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Techniques for Independent Production
The challenges of creating Digital Cinema and other narrative forms.


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Old October 26th, 2006, 07:52 AM   #31
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yes, experience is king, or queen.

It's going to be a DVX100b, a HD-110 or a V1. Probably the JVC will be the one.

Thanks for all your comments.
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Old October 26th, 2006, 02:02 PM   #32
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"it's pigeonholed me. There's a lot of guys out there shooting only the big guns that are worse than me"

i think what happens is ( lets say a person ) if you shoot $2500 music video's for a long time you do get stuck in that price... looking over the past 25years + i have to say if a producer has 2500 to do a project and you worked for him 5-6 times, that when that producer has 15k for a music video they are NOT going to give you a call - they are going to go to those that work 15k music video's all the time ... once you move up to working in 15k music video's with different producers and then one day they have 50K again they are NOT going to call on you because you are a 15k music video guy/gal .. your work may look excellent but bottom line for most Producers if i need a 500 day guy/gal i hire a 500 a day guy .. if i need a 2500 a day guy/gal i'm not hiring a 500 day guy/gal - i'm getting a 2500 day guy/gal ... now one can argue all they want that it's not the camera BUT most that shoot DVX are getting paid on the lower end of the scale and most producer play it SAFE - do i take a chance with person that shoots $2500 projects for my 100K project ? or do i get the guy that has shoot 100k projects ... every now and then you get somebody that will take a chance ...
one of my breaks came shooting a Nike spot .. the director wanted me - the ad agency said there was nothing on my reel that looked like what they wanted .. for days the director and ad agency went back and forth - 2 days before the shoot the Director said this is my DP you either go with him or find another director .. went out to texas for 12 days .. it all went very good ... when i was supervising CC the spot with the ad agency producer another producer from a different ad agency was there with a director - they mentioned to the nike producer that their DP for a spot that was shooting in 2 days backed out - did they know a DP - Nike producer introduced me to them and i shoot the spot - they never saw a sample reel - they only saw the clips we were CC'ing .. once you get into that circle you charge the going rate= $2500 day without camera( you do have to produce good images) - you do NOT go back to charging 500 day ( unless it's a friend) ..Producer's feel more secure if they know others pay the rate ( plus you have to have spots that are near their budgets)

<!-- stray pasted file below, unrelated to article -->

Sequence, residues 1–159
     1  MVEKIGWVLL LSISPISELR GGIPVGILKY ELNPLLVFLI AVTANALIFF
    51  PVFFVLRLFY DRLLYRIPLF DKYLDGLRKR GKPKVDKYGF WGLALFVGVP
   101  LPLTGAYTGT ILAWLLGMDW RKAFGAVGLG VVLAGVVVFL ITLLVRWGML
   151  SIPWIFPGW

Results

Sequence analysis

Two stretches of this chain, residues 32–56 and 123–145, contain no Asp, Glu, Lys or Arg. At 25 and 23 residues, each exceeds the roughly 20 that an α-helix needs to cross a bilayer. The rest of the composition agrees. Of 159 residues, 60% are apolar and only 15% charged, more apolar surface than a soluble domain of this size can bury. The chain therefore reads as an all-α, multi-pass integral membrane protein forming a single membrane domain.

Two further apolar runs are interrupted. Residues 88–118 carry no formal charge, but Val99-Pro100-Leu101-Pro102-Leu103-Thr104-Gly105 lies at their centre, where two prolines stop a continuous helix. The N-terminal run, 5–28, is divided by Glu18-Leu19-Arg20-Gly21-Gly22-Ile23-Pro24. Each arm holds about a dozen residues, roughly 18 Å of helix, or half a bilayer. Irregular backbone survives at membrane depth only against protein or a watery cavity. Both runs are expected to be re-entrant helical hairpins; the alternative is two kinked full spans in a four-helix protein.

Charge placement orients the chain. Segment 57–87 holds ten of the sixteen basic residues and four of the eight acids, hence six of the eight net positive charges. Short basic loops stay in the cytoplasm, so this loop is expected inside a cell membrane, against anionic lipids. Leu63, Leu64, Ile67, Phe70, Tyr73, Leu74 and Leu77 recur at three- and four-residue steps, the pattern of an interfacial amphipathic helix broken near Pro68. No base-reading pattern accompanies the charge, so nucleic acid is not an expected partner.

i know a excellent film DP that was getting 2500 day back in early 90's .. they moved out of LA to SF .. they started shooting Video for video rates ( think it was 800 day including camera) after 14 years out of LA they are making 1200 day including camera ... nothing wrong with 1200 day BUT 1200 day DP'ing project do NOT look like $2500 day DP'ing projects - you can say the 1200 day guy/w camera can light better then 2500 day DP BUT it's the WHOLE project .. more then likely if you are doing a $1200 Dp rate video spot
the total budget might be in the 10-20k range ... $2500+ day DP might be shooting a 150k project ... and in the end many can say well the 20k spot looks like a 50k spot AND i usally find the 150k spot has much more production value ...
i usually find those shooting with DVX type camera's are shooting with it not by choice but because of budget ... at some point in ones career you will get to choose the DVX over cineAlta because it suits the project ...
AND all projects have their budget restrictions doesn't matter if it's 100k or 1mil budgets you're still asking for this light or that camera thing and being told it's not in the budget ...
in general you have a circle of friends .. you all tend to be working in the same budget area .. to move to up to the next budget area you ( or one of your friends) get into the next circle of higher budgets .. you/they bring along your friends a few at a time into that budget area etc ...
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Old October 26th, 2006, 02:22 PM   #33
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Thanks for sharing your experience with the "unwashed" Don. It is indeed helpful with regard to our next steps and what we should look out for.

Many thanks indeed.

Tim
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Old October 26th, 2006, 04:04 PM   #34
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Quote:
Originally Posted by Don Donatello
"it's pigeonholed me. There's a lot of guys out there shooting only the big guns that are worse than me"

i think what happens is ( lets say a person ) if you shoot $2500 music video's for a long time you do get stuck in that price...
And I let it happen for just a little bit too long.

I re-read my post last night and had an overwhelming urge to edit it down and take the crybaby aspect out, but there's not an edit button anymore. Lots of people would be quite happy to be where I am.

To clarify my earlier post, my greater point was many people who take the path I did (Assistant Cameraman to DP or director) never take such a dip in their projects/income because they maintain their standards ("F900 or bust"). I did not, and I regret it. What seems arrogant to some people is just making sure they stay where they want to be. My situation isn't so dire. My biggest music vid has only been $8k, but my concerts are getting much much bigger than that, so it's ok.